It took some time, but these feelings eventually started to go away. As Type 1 gamers, it is our duty to create Type 1 awareness and education. Getting involved is part of the healing process. So don't just sit there, get out there and tell someone about Type 1 Diabetes !

Oh yeah, in case you've been asleep for the past while, the 2010 winter Olympic games are happening in Vancouver. It's the first time that Adele has an interest in the games and actually asks to watch it with me. Go Canada !!!

Wednesday, February 10, 2010

I should just let it go... but...

There has been lots of talk and blogging about the Oprah Diabetes episode. Here is a very thorough list of blog posts about the show: on the D-Mom blog.

Adele overheard me discussing the show with my wife the other day and asked why I now "hated" Oprah (not that I liked her before, but I didn't "hate" her either). Whenever we're discussing anything at all and she is around, she always tries to eavesdrop (serious discussions can only happen after she's asleep). I explained to her that Oprah had dedicated an entire show on Diabetes but hadn't spent enough time differenciating Type 1 and Type 2. I told her that Dr. Oz had really just reinforced the misconception that all Diabetes are the same, that it can be reversed and that it's basically the sufferers own fault. We had had a similar conversation with Adele before trying to explain the differences between Type 1 and Type 2 after she had heard comments about Diabetes (Type 2) on TV. It is very, very important for me that Adele knows that it's not her fault whatsoever that she has diabetes. Kids hear things and often interpret them in a bad way when they don't fully understand the circumstances or what's being said. I do not want Adele to internalize that she caused her Type 1 Diabetes by not always eating healthy food or that she could have somehow prevented it. She's insecure enough as it is without hearing all of these general Diabetes comments and stories which are really meant for Type 2 and not Type 1. But she is 9, and when she hears the word "Diabetes", she listens carefully to what is being said since the big D is such a big part of her life.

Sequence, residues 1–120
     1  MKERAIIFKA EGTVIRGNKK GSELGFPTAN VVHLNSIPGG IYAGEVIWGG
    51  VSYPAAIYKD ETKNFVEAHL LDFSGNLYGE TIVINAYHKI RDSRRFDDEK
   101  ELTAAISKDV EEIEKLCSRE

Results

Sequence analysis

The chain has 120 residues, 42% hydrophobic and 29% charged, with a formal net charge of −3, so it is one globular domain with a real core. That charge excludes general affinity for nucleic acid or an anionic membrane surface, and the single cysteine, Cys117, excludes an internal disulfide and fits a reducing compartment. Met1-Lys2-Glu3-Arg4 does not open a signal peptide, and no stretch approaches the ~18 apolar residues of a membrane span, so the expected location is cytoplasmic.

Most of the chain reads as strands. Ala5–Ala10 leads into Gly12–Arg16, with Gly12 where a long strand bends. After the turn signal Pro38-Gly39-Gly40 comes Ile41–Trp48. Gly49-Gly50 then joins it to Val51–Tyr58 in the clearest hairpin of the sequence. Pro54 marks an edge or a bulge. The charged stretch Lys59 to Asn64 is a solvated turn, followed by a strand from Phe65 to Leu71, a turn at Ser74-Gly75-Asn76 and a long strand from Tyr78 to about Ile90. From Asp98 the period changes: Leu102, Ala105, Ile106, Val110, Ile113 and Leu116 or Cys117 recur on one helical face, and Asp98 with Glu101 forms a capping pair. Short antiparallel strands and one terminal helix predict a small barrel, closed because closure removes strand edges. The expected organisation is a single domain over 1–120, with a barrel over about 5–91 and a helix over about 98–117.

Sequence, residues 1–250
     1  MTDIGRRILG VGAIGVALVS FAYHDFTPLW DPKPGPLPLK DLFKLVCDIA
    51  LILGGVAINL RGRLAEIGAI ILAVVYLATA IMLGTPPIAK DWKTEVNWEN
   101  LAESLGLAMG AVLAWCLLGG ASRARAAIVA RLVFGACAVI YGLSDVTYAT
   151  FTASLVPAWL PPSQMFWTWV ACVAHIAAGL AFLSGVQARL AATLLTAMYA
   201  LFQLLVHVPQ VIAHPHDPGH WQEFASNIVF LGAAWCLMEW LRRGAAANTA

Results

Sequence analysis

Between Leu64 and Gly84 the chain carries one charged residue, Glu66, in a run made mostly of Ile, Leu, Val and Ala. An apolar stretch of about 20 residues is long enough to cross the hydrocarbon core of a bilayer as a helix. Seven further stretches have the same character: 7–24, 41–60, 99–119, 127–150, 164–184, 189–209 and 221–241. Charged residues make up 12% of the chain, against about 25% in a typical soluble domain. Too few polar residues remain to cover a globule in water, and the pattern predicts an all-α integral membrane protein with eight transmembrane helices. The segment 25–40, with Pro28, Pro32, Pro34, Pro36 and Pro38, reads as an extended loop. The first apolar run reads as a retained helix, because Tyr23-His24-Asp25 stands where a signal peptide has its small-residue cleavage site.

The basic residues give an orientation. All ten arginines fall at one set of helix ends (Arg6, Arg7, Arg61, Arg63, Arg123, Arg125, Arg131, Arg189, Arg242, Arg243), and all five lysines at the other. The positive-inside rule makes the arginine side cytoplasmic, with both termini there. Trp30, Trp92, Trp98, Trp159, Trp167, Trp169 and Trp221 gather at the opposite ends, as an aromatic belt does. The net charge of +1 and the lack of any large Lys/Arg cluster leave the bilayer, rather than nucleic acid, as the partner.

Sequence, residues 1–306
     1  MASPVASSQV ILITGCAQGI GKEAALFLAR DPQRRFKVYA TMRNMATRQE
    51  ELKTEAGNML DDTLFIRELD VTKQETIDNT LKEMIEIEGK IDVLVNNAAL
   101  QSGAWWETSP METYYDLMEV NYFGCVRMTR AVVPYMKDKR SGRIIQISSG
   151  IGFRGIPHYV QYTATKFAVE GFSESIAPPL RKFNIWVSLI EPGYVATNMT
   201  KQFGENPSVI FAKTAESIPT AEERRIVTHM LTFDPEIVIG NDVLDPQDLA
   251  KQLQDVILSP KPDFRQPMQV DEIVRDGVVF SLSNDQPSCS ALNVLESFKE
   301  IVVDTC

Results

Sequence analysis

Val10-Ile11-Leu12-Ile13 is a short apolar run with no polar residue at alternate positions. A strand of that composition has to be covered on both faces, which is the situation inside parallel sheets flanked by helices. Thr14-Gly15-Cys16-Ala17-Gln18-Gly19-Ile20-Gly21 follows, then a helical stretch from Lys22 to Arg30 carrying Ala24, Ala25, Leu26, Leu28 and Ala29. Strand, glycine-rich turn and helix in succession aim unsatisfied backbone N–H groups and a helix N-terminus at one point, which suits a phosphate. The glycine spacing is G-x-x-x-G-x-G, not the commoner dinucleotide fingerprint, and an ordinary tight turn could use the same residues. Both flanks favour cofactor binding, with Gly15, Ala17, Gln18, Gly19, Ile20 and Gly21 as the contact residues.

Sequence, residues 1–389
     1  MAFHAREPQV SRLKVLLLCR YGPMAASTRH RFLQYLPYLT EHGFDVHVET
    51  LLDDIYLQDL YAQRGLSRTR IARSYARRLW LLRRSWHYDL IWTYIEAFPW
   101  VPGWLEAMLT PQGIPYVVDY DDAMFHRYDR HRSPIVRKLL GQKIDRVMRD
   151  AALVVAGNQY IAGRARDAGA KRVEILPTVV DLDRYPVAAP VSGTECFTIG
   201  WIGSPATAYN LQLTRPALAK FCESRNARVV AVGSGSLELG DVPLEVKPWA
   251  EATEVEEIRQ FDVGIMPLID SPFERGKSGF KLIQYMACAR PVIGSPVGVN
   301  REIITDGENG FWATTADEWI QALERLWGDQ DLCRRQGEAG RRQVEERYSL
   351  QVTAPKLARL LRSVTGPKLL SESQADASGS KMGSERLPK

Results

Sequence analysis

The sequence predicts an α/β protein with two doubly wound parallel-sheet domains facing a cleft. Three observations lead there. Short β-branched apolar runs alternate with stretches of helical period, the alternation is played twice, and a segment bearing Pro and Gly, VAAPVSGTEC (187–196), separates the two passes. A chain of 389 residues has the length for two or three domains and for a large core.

Misconceptions about the Type 1 game are so common and a constant source of frustration for Type 1 gamers. How many times have I been told by non-gamers that they know what it's like to live with Diabetes because their elderly father or their dad's aunt or their grand-mother have it as well. Then I ask if it's Type 1 or Type 2 and they look at me and say "Is there more than one type?" I then ask a few questions like when they were diagnosed, if they're on insulin and 99.9% of the time it's Type 2. Then I try to explain that it's not the same. How many times have I tried to explain that Adele's diabetes is not "real bad" because she's on insulin or because gets tested over 10 times each and every day? Adele is at an age where we can't always "protect her" from these confusing general Diabetes comments and messages. She's like a sponge carefully absorbing all of this information. She's old enough to understand part of what's being said, but too young to make the difference between what's true and what's not in her case.